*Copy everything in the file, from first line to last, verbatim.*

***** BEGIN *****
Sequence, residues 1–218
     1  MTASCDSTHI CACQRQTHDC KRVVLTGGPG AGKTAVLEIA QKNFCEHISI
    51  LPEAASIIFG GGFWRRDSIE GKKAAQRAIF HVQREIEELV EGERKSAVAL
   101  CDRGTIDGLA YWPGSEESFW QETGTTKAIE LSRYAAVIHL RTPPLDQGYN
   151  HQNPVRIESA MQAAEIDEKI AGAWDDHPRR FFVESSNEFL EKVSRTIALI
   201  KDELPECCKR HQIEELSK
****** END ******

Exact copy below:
Sequence, residues 1–218
     1  MTASCDSTHI CACQRQTHDC KRVVLTGGPG AGKTAVLEIA QKNFCEHISI
    51  LPEAASIIFG GGFWRRDSIE GKKAAQRAIF HVQREIEELV EGERKSAVAL
   101  CDRGTIDGLA YWPGSEESFW QETGTTKAIE LSRYAAVIHL RTPPLDQGYN
   151  HQNPVRIESA MQAAEIDEKI AGAWDDHPRR FFVESSNEFL EKVSRTIALI
   201  KDELPECCKR HQIEELSK